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Burkina Faso: no peace in sight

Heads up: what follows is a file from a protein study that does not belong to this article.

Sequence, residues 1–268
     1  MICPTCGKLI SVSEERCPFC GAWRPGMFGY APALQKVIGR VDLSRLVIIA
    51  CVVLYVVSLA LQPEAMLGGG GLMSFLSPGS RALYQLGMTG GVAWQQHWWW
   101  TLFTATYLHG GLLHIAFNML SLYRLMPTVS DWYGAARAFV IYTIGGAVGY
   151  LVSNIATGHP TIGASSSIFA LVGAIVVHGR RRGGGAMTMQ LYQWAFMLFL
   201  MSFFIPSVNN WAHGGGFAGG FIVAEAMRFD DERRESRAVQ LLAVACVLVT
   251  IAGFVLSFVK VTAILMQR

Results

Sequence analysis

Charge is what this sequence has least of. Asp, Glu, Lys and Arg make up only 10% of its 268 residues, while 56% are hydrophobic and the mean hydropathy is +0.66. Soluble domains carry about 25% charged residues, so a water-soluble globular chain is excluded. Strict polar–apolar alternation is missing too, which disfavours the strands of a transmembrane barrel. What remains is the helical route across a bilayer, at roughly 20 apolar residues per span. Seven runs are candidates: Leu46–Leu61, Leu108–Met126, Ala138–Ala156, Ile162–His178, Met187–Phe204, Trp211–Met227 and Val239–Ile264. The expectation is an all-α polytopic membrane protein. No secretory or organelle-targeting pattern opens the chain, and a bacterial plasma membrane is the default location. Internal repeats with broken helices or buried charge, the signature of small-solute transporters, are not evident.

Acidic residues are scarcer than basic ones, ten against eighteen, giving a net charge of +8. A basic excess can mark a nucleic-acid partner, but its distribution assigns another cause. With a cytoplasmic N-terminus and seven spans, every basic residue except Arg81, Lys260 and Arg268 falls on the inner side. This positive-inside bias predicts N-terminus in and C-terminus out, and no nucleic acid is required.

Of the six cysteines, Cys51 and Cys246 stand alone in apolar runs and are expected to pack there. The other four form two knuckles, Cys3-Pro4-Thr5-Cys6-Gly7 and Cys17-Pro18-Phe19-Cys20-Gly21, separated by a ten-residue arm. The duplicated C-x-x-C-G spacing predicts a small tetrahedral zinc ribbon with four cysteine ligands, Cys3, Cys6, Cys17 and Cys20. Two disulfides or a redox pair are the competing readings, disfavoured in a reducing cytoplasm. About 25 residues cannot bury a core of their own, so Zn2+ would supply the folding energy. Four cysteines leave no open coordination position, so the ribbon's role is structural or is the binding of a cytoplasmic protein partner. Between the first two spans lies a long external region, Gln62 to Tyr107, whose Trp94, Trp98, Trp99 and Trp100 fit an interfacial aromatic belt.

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Women and children were the targets of the most recent terrorist attacks in northern Burkina Faso. Some 35 civilians were killed during a first attack on Christmas Eve in Arbinda, in the Soum province of the Sahel region; nearly all of the victims were women. A second attack, on 4 January 2020, on a school bus convoy in the Sourou province in the Boucle du Mouhoun, killed 14 people, including seven school children. “Whenever a Burkinabe is killed because of a terrorist act, we feel it with the same pain that every mother, every father, every person feels when they lose a loved one,” Burkinabe President Roch Marc Christian Kaboré said in a statement. No group has claimed responsibility for the attacks. Several attacks were previously attributed to the Group for Support of Islam and Muslims (JNIM). Due to civil unrest, nearly half a million Burkinabe people have left their homes to move further south, mostly to the Central-North region. The large number of displaced people is placing additional pressure on the already fragile livelihoods of host communities. Some 1.2 million Burkinabe people currently face a food crisis situation and many areas in the country’s north remain inaccessible to humanitarian assistance. Moreover, some 1 200 schools have been closed in the three northern regions. Since 2017, the government of Burkina Faso has been implementing an emergency plan for its Sahel region targeting four provinces (Oudalan, Séno, Soum and Yagha). It has also scaled up its military response. However, despite national, regional and international efforts to counter the terrorism threat, the frequency of the attacks has been increasing. Since April 2019, jihadist attacks have killed more than 250 civilians in Burkina Faso.